Currently in Congress, they are debating free trade bill agreements with Colombia, Peru, South Korea and Panama. I think that most Americans support free trade, but do not really understand why it is a good idea. It is hard to go through an economics education and not support free trade so this week I want to make it clearer why free trade agreements are good for you and good for America. To do this I will explain how the free market works fundamentally.
Imagine if you will, that you are stranded on a desert island with a complete stranger named Bob. Both of you need to survive. Bob makes a spear and heads out into the water to fish. It quickly becomes clear that Bob is not a very good swimmer and is rather uncoordinated. Bob is a terrible fisherman. You take your turn and quickly figure out that you are a better fisherman. You find coconut trees, but you can’t climb them to get the coconuts so you throw rocks. It takes a long time to dislodge them by throwing rocks. Bob has little problem getting to the top and tosses the coconuts down. You are a better fisherman and Bob is a better climber.
If you work on your own, you are likely to have fish to eat, but few coconuts. Bob is likely to have lots of coconuts, but few fish. So you trade. Now you both have a balanced diet. However, this is not the only benefit of trade. Instead of wasting your time throwing rocks at coconuts, you can spend all your time on fishing. Bob can spend all of his time on coconuts. Now, because of trade, both have more to eat than if you tried to do everything on your own. This is specialization of labor.
Now imagine again that there are two primitive villages. One town has rocky soil, but lots of good grass; the other has good soil, but has a weed that can make animals sick. If they don’t trade the rocky village will have to try to grow crops in rocky fields, and the good soil village tries to raise livestock that gets sick. When they trade, each village prospers because they can specialize in what they have a natural advantage just like the island example. The specialization of labor lets both towns excel because they only do what they do best.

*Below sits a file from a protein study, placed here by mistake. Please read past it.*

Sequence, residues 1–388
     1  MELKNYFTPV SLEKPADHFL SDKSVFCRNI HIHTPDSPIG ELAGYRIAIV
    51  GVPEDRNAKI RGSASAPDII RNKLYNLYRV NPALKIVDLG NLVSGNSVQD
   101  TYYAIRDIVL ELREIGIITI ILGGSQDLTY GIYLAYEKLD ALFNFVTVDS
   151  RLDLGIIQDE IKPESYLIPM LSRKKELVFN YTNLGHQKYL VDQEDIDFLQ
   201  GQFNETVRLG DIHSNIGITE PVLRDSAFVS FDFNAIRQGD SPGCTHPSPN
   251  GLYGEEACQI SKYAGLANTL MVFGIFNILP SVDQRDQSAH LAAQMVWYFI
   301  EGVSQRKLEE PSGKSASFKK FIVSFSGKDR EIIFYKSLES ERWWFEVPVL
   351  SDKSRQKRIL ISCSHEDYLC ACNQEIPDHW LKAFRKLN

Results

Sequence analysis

However, the transition to trade has a few short-term losers and this is where the criticism comes. The rocky village has a few farmers who will lose business in the trade deal, and the good soil village has a few ranchers who suffer. Thankfully, this problem is not permanent. Human beings are smart enough to figure out how to make a living and the lost jobs are actually good for the village. Because the two towns can now produce more food with fewer workers, the displaced can do jobs that did not exist before because they had to concentrate only on food production. They can dig wells; build sturdier homes, and all sorts of technological progress. Free trade is why humans were able to develop civilizations. Without it, we would all still be hunting mammoths and picking berries.
Today, free trade works the same way. Some countries are poor so they are better at making labor-intensive products like clothing. However, these same countries often have unreliable infrastructure (water, electricity, education, etc…) and poorly developed legal institutions so they are not as good at making high tech products as we are here. Every country has some kind of activity in which they excel. This is called a comparative advantage. It is not that we can’t make the same products that they make; it is that they can make them cheaper.
This helps explain why free trade is good for America, but it doesn’t answer why free trade is good for you and me.
The main benefit that we receive is lower prices. Because there is more competition, free trade lowers prices. We import the products and services they can perform cheaper and we export the products and services we can perform cheaper. If these four trade bills were enacted and lower the overall price level by 1% that means you and I get a 1% raise.
You probably hear complaints about America’s trade deficit and that this is bad for the economy. According to freetrade.org:
An examination of annual changes in the current account balance compared to economic growth since 1980 shows that a "worsening" deficit is typically associated with faster economic growth, and an "improving" deficit with slower growth.
You have probably also heard that free trade encourages outsourcing of jobs to other countries. Even the AFL-CIO, who is very against free trade and outsourcing and is apt to exaggerate, believes that:
According to most estimates, American workers have lost hundreds of thousands of white-collar jobs to outsourcing over the past few years.
Since 2002, the U.S. has created almost 8 million jobs and the unemployment rate has fallen from 5.8 to 4.6 in 2006. It doesn’t look like it is hurting us that much.
So remember: Free trade strengthens the economy and lowers prices. New free trade agreements can cost people jobs temporarily, but this simply avails them for more productive tasks elsewhere.
As always, tell me what you think.